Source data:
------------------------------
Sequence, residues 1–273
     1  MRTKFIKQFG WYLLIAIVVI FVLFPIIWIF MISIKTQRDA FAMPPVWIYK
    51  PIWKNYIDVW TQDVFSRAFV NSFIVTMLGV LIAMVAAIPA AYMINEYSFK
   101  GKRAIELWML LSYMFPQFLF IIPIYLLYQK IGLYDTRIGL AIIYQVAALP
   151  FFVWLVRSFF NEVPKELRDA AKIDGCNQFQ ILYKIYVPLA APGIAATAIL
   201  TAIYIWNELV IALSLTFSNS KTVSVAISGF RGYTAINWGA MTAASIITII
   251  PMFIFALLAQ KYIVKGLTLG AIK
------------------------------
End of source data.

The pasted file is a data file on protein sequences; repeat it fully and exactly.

Sequence, residues 1–273
     1  MRTKFIKQFG WYLLIAIVVI FVLFPIIWIF MISIKTQRDA FAMPPVWIYK
    51  PIWKNYIDVW TQDVFSRAFV NSFIVTMLGV LIAMVAAIPA AYMINEYSFK
   101  GKRAIELWML LSYMFPQFLF IIPIYLLYQK IGLYDTRIGL AIIYQVAALP
   151  FFVWLVRSFF NEVPKELRDA AKIDGCNQFQ ILYKIYVPLA APGIAATAIL
   201  TAIYIWNELV IALSLTFSNS KTVSVAISGF RGYTAINWGA MTAASIITII
   251  PMFIFALLAQ KYIVKGLTLG AIK